> >
        > > Hola Pisano:
        > > à
        > > Q is Native American. Q andàRàare from the P.à It appears that Spanishàsurnames were given to Mexican Indiansàas done to North NativeàAmericans acquired European names. We call them Christian names.
        > > My tribal name is Tsoquali Gigaà Adawehi.ààà
        > >
        > > Joel K. Harris, Sr., Ph.D.
        > >
        > >
        > > >________________________________
        > > >From: osalinas3 <osalinas3@>
        > > >To: mailto:MexicoDNAProject%40yahoogroups.com
        > > >Sent: Sunday, August 18, 2013 3:48 AM
        > > >Subject: Re: [MexicoDNAProject] Pisaño from Chihuahua
        > > >
        > > >à
        > > >Excuse me for being a buttinsk but that most Spaniards came without women is a misconception. àMaybe the first Conquistadors àdidn't but many, many Spainards and other Europeans came not only with women but whole families and even servants. If you read the lists of the passengers on ships which arrived to the New World as early as the 1500's you will see for yourself. Also in records of new arrivals requesting land they state so and so who arrived with his wife or his family requests this much land. àI've done years of research and have seen many records especially from the LDS church.à
        > > >
        > > >
        > > >
        > > >
        > > >
        > > >
        > > >Sent from my Samsung Galaxy Expressââ¢, an AT&T LTE smartphone
        > > -------- Original message -------- From: Edmund Fimbres <slimered@> Date: 08/18/2013 12:32 AM (GMT-06:00) To: mailto:MexicoDNAProject%40yahoogroups.com Subject: Re: [MexicoDNAProject] Pisaño from Chihuahua à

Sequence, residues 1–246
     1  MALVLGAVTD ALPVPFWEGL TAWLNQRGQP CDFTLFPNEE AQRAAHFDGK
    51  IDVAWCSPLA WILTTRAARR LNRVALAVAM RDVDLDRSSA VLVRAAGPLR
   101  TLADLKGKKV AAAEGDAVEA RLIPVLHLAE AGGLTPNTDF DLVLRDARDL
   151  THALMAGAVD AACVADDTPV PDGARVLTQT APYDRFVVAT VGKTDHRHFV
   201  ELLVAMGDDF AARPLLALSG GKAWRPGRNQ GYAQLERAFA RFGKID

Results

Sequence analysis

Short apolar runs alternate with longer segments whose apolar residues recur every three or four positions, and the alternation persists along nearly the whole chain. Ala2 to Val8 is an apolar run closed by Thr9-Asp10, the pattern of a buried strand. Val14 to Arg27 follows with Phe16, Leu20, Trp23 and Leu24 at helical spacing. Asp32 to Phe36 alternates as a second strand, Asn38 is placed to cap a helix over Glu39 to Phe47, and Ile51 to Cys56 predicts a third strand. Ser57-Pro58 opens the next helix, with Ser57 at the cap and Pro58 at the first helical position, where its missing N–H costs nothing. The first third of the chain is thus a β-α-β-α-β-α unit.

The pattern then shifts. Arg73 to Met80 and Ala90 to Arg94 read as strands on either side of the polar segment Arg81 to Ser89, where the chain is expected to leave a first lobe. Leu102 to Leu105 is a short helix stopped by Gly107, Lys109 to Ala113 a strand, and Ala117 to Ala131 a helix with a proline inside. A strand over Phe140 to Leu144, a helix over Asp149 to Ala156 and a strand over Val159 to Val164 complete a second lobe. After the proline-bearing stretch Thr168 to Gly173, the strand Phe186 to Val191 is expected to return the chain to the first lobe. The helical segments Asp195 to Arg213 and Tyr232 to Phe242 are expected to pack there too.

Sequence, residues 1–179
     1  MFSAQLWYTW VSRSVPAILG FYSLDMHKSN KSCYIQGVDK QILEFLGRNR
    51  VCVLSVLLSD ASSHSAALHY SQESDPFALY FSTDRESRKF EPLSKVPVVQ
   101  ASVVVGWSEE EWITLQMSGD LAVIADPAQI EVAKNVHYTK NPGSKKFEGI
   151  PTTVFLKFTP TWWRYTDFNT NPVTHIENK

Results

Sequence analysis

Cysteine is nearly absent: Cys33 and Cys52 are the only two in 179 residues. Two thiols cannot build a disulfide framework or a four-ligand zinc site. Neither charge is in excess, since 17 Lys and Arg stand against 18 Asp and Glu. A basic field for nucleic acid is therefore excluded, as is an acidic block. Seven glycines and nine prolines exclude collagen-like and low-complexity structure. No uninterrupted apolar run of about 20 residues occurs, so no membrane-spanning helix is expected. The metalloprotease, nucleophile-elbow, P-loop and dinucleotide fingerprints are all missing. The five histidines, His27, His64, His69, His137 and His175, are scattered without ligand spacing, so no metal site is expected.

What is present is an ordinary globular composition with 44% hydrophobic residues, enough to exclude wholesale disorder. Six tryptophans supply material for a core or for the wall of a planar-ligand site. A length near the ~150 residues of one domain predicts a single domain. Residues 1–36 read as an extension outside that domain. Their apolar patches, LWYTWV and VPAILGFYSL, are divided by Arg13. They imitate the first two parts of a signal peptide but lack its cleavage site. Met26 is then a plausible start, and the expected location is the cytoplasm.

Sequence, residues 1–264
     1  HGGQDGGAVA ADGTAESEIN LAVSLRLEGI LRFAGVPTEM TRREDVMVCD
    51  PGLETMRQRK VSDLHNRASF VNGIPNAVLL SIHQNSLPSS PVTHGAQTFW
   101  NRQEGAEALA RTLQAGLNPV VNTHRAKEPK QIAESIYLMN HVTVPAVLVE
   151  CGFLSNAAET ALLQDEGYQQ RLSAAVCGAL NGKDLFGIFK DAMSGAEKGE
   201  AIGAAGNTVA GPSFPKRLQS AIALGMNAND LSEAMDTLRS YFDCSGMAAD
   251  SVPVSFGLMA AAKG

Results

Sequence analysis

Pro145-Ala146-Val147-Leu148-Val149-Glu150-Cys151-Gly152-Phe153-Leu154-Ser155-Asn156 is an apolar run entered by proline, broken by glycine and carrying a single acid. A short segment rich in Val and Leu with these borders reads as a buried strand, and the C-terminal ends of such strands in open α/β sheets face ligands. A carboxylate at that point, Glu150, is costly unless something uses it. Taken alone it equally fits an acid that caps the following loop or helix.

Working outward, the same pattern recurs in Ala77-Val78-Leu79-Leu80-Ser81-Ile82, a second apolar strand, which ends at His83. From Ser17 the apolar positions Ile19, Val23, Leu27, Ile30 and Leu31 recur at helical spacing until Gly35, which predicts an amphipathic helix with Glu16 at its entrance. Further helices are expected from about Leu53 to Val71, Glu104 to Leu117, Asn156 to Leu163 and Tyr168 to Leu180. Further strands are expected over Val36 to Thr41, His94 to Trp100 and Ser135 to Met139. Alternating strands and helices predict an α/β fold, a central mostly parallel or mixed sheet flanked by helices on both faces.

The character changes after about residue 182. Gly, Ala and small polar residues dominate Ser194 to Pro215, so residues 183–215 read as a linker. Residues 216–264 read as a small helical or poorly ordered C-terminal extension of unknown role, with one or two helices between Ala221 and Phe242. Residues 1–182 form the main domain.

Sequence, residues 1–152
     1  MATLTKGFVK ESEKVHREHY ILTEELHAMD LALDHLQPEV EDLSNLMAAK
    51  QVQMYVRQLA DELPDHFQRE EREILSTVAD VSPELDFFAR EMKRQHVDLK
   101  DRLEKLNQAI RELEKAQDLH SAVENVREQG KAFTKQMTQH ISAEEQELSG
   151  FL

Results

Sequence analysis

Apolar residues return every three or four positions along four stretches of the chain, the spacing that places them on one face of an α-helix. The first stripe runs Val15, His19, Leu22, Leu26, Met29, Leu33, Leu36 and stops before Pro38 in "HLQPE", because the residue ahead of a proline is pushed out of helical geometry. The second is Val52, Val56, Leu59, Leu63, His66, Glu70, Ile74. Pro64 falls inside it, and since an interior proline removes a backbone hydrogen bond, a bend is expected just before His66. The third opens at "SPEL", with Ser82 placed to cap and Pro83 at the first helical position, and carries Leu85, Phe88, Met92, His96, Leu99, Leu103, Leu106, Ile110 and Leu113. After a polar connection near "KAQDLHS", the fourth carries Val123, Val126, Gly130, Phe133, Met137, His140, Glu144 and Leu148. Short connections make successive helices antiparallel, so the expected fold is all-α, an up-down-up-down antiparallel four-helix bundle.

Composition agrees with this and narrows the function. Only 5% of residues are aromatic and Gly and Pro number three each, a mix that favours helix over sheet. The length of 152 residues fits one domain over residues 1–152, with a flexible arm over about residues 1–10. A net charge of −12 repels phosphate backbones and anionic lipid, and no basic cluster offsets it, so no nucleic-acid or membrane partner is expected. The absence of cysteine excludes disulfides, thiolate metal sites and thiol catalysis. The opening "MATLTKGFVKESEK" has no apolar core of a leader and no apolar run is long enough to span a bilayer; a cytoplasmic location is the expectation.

> > >Since the Spanish did not for the most part bring women with them, they interbred with the native americans which has resulted in predominantly European Y haplogroups among the mestizos such as R. However your Q-M242 is pretty clearly native in origin.
        > > >
        > > >On Sat, Aug 17, 2013 at 10:19 PM, Gregory Pisano <goyosan1@> wrote:
        > > >
        > > >>à
        > > >>I have a paper trail back to the early 1800s for my surname and its variant spellings (Pisana, Pizano, Pizana, with or without tilde) in Chihuahua.à The oldest reference is in Rio Florido, near Ciudad Chihuahua, most recently in Ciudad Juarez, before coming into Arizona around 1880.à However, my haplogroup is Q-M242; not an R like most others in this forum. Anyone care to comment on this or perhaps someone has run across this surname in their research?
        > > >>à
        > > >>Gregory Pisaño
        > > >>(805) 748-5502
        > > >>à
        > > >>à
        > > --
        > > >Edmund E. Fimbres Esq. Law Office of Edmund Fimbres 13625 Mar Vista St., No. 7 Whittier, CA 90602-2391Fax: 310-300-1825Notice:à The information contained in this e-mail message is intended only for the personal and confidential use of the recipient(s) named above. This message may be an attorney-client communication and/or work product and as such is privileged and confidential. If the reader of this message is not the intended recipient or an agent responsible for delivering it to the intended recipient, you are hereby notified that you have received this document in error and that any review, dissemination, distribution, or copying of this message is strictly prohibited. If you have received this communication in error, please notify us immediately by e-mail, and delete the original message.
        > > >
        > > >
        > >
        >